Cindy Estrada, Vice President of the United Auto Workers provided a passionate but eloquent perspective on the changing role and voice of unions in this ongoing dialogue. She thanked the conference organizers for inviting labor to overall discourse and reminded the audience on the actions and collaboration that the UAW played prior to and during the 2008-2009 auto crisis in the U.S.. Ms. Estrada also reminded the audience on the overall negative impressions that unions seem to have in media and business reporting, and that actions of the past are not necessarily reflections of today and the future. Her statement was that unions seek a level playing field, not just in fair wages and benefits, but collaboration and voice from the shop floor. Her most profound statement, which we tweeted, was that you cannot have a legitimate conversation regarding the future of manufacturing without worker input regarding eliminating waste, improving quality or fostering more process innovation. We would add, union and non-union. That statement was later reinforced by Diana Tremblay, Global Chief Manufacturing Officer of General Motors who provided some praise for the new collaborative actions of UAW members in identifying and helping to solve manufacturing related problems. A sobering reminder was Ms. Estrada’s observations that much additional work remains within the automotive value-chain where some suppliers have yet to reach beyond previous management and labor behaviors of obstructing worker participation in joint problem-solving.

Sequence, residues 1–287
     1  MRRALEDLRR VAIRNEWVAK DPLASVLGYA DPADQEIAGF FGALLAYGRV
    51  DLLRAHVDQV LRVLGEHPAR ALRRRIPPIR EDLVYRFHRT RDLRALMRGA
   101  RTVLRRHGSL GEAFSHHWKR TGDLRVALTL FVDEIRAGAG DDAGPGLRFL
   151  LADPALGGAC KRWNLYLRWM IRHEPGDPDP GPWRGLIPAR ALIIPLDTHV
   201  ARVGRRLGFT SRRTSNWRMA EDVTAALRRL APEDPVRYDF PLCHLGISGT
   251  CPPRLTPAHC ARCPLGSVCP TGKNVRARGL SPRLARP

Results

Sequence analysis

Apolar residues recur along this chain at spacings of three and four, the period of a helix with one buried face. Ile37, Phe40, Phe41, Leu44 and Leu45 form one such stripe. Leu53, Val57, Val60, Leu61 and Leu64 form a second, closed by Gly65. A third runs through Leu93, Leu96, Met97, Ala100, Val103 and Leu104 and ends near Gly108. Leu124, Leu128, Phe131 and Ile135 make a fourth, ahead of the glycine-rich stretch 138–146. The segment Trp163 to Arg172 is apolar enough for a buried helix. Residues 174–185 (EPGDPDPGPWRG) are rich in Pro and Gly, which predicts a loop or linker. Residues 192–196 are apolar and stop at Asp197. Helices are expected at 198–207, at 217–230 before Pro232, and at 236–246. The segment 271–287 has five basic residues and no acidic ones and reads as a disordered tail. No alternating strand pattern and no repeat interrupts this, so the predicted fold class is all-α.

There was an outstanding presentation delivered by Joseph Jimenez, CEO of Novartis on the defining moment on the future of manufacturing in the U.S., which outlined some rather significant manufacturing process investments not only being made in the U.S., but also on some potentially game-changing joint research with MIT on transforming pharmaceutical manufacturing from previous specialty batch to a more innovative and far less costly, continuous manufacturing process.
Another significant highlight was a panel discussion focused on workforce of the future, moderated by William Green, Executive Chairmen of Accenture. The panelists were:
- Diana Tremblay of General Motors
- Cindy Estrada of the UAW
- Denise Johnson of Caterpillar
- Professor Thomas Kochan, Co-Director, Institute for Work and Employment Research, MIT Sloan School of Management.
These panelists provided many insights on what may be required to fill the requirements of an entirely different skilled manufacturing workforce, on the complementary needs for joint leadership skills among manufacturing managers, and how to get younger people from the K-12 to the community college level far more attracted to a career in manufacturing. The panelists observed that the current perceptions of manufacturing among younger people is sometimes reflected in negative connotations of being a non-rewarded occupation in a sometimes dirty environment that requires long hours that begin early in the morning. Professor Kochan reminded to the realities of current data indicating that the U.S. needs 20 million jobs just to return to post-recession levels, and that 5-7 million of these jobs have to be contributed from the manufacturing sector. This requires political will and commitment to make the necessary investments in programs and initiatives and better alignment of all stakeholder groups.
This concludes our commentary of day two of this important and timely conference. Our final commentary will reflect on our view of the key takeaways that both the conference and audience dialogue brought forward.